The exquisite wooden crafts of Costa Rica

Wood sculpture of a Toucan
Wood sculpture of a Toucan

The culture and artisan crafts in Costa Rica are almost as big of a draw for tourists as the natural beauty of the forests, waterfalls, and beaches. Visitors flock to local markets and other Costa Rica shopping venues for treasures to take home with them. Pottery is just one aspect of Costa Rica culture that attracts attention, but the wooden crafts, made from the local trees of the rain and cloud forests, are what really stand out for many people. These hand-carved masks, bowls, trinket boxes, and other home accents are a rich reminder of the magic of country and its people.

Sarchi

In the province of Alajuela sits the quaint city of Sarchi, which is well-known for its Costa Rican crafts. With its proximity to the rain forest and history of cattle and horse ranches, Sarchi naturally evolved to focus on production of oxcarts for the farms and ranches of the area. The simple design of these carts became a canvas of sorts for the artisans who make them, adding colorful paint and complex designs to transform them into works of art.

The oxcarts may have lost their original purpose, but their value as crafts has not waivered or slowed down. Tourists who visit Sarchi can tour some of the factories where the carts are still made by hand, and then they can buy a souvenir-sized version to take home with them from one of the many stores in the city.

In addition to the painted oxcarts, Sarchi is also known for beautiful rocking chairs and jewelry boxes that make wonderful additions to any home. Tourists can arrange to ship the rockers to their homes or pick up smaller keepsakes that are easier to pack. A stop in Sarchi is a must if you visit this region.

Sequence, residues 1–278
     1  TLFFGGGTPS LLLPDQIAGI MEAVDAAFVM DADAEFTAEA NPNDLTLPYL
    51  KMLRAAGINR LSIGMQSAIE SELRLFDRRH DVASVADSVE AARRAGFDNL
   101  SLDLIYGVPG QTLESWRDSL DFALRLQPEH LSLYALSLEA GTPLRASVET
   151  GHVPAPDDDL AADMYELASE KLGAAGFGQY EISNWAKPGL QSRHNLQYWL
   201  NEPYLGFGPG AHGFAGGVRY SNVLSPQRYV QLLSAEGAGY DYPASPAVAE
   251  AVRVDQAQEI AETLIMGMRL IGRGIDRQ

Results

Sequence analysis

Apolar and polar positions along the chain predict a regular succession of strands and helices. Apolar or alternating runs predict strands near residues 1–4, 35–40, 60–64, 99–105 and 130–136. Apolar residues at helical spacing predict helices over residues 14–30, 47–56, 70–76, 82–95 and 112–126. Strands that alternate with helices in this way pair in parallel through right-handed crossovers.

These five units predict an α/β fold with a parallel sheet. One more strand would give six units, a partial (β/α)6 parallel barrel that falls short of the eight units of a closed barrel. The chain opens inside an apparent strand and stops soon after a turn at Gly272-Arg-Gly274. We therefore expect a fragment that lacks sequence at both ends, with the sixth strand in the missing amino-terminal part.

Boruca

Boruca is not a town, but rather the name of a tribe of indigenous people in Costa Rica. The majority of the Boruca people and their descendants can be found along the Pacific coast in the southwestern region of the country. The Borucans are known for their weaving skills and wood crafting, relying on locally found materials including balsa wood or cedar.

What attracts tourists to seek out crafts from the Boruca tribe? Their ceremonial masks, carved from wood and decorated in the shapes of animals of the forests, including pumas, toucans, frogs, or devils, following the traditions of their ancestors. These vibrantly painted ceremonial masks are used as part of the annual Fiesta de los Diablitos, which literally translates to Party of the Little Devils, but is also known as Dance of the Spirits. This celebration tells the story of Spanish conquistadors in Central America from the perspective of the natives who resisted the invaders from Spain.

The rich history of the Boruca tribe is reflected in the masks and other crafts they make by hand. You can trek to the shops near the reservation to purchase some of their handiwork for your home. Not only can you have a work of art that you can’t find anywhere else in the world, but you are also supporting the livelihood of the native Costa Rica culture.

Modern-day Crafts

If you want a more functional craft for a souvenir, you may want to visit Escazú, a colonial town that is now a suburb on the western side of San José. Look for the work of local artisan Barry Biesanz, who coaxes decorative pieces out of the rosewood, tigerwood, ironwood, and other hardwoods that grow in the rain forests of Costa Rica. His signature bowls and jewelry boxes feature intricate carved details that creates by hand, using chisels and knives. His work puts a modern spin on a traditional craft while focusing on quality workmanship.

Wherever you stop to explore during your vacation, be sure to check out the wooden crafts that make Costa Rica shopping another adventure you should experience.